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United States of America v. Carmon L. Cook


January 3, 2013


The opinion of the court was delivered by: Gregory G. Hollows United States Magistrate Judge


Previously pending on this court's law and motion calendar for December 20, 2012 was the government's motion to compel, filed November 7, 2012. Kaycee Sullivan appeared for the government. Julia Young appeared for defendants. The motion was originally noticed for hearing on December 6, 2012; however, after finding that the parties did not comply with E.D. Local Rule 251 in filing their papers, the court continued the hearing and directed them to meet and confer and file a joint statement. (Order, filed November 29, 2012.) The parties have now filed a joint statement.*fn1 After reviewing the statement and having heard oral argument, the court issued orders at hearing, and now gives a concise written explanation for those orders.


This action was brought by the government on December 23, 2011 to "reduce federal tax assessments to judgment, to establish that assets of revocable trust are subject to federal tax liens, to determine nominee/alter ego status of defendants, to set aside purported transfer of real property as fraudulent, to establish a constructive trust remedy, to establish the tort of conversion, and to foreclose federal tax liens." Defendant Cook is trustee of the 1993 Carmon Louise Cook Living Trust and trustee of the Hands from the Heart Foundation. DISCUSSION

The government initially propounded the subject discovery on September 28, 2012, which was directed collectively to all defendants. Defendants at first responded with general boilerplate objections as well as the statement that these requests were propounded on multiple defendants and entities and therefore defendants were unable to respond to the requests. The government then re-issued the discovery on each defendant individually; however, defendants did not respond to the renewed discovery. Upon order to follow the meet and confer and joint statement requirements of Local Rule 251, the parties met and conferred in the courtroom on December 6, 2012. Defendants thereafter produced further discovery responses on December 11, 2012, which were not acceptable. The government seeks to compel initial disclosures naming defendants' witnesses, production of documents, responses to interrogatories, and responses to requests for admissions.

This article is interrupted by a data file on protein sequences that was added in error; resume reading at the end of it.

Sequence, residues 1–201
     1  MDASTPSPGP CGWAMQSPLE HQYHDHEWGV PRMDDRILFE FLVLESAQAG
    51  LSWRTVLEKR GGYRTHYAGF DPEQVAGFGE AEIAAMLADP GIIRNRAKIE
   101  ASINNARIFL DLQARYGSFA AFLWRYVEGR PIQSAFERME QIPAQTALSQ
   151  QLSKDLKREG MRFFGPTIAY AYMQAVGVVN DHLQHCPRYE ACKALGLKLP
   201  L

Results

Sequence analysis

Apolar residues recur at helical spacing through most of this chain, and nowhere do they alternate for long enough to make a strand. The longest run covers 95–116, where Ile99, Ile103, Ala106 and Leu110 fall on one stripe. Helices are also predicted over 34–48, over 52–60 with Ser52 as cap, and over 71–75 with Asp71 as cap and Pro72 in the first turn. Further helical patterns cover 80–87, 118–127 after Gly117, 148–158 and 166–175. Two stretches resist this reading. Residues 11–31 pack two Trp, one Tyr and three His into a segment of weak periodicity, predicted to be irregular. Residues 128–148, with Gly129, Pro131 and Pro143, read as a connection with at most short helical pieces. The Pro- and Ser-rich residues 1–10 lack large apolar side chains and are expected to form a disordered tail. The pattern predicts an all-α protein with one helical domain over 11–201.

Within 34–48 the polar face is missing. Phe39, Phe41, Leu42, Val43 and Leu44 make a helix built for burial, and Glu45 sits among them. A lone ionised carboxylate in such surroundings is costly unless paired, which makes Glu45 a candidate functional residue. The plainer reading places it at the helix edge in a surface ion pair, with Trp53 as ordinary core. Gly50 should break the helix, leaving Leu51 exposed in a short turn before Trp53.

Defendants have simply twice ignored proper discovery requests and evaded their discovery responsibilities. Collectively propounded interrogatories are not necessarily improper -- each defendant answers the collective issuance only on behalf of him or herself. Even if the collective nature of the initial requests were a problem to defendants, it was easily rectified by each defendant simply asserting in the responses that each defendant was only answering on behalf of the signatory defendant. In sum, the initial "collective" objections were simply a stall. The obstructive nature of defendants' responses are even more clearly seen when reviewing the objections/responses to the later individually propounded discovery. The "inability to understand the discovery requests" (variously phrased by defendants) objections are not justified upon review of the discovery requests. The United States has propounded requests that are easily understood and very germane to this action. Moreover, responses indicating that no substantive response can be given at this time because "discovery is ongoing," or "investigation continues," or words to that effect, are not valid. "The duty to supplement is not a license to unduly delay production or get around discovery obligations when convenient." Goethe v. California D.M.V., 2009 WL 3568624, *1 (E.D. Cal. Oct. 27, 2009). The right to supplement discovery asserted by a party should be viewed with scrutiny under an objective reasonableness standard. Camesi v. University of Pittsburgh Medical Center, 2010 WL 2104639, *3 (May 24, 2010). If defendants had their way, no discovery would ever have to be the subject of legitimate substantive response right up to the pretrial conference because the case is always being investigated. Such "I'll answer later" responses are only understood as obfuscation.


Accordingly, IT WAS ORDERED that:

1. The government's motion to compel discovery, filed November 7, 2012, (dkt. no. 13), is granted.

2. Defendants shall produce initial disclosures, as well as full and complete discovery responses to all discovery at issue by December 27, 2012.

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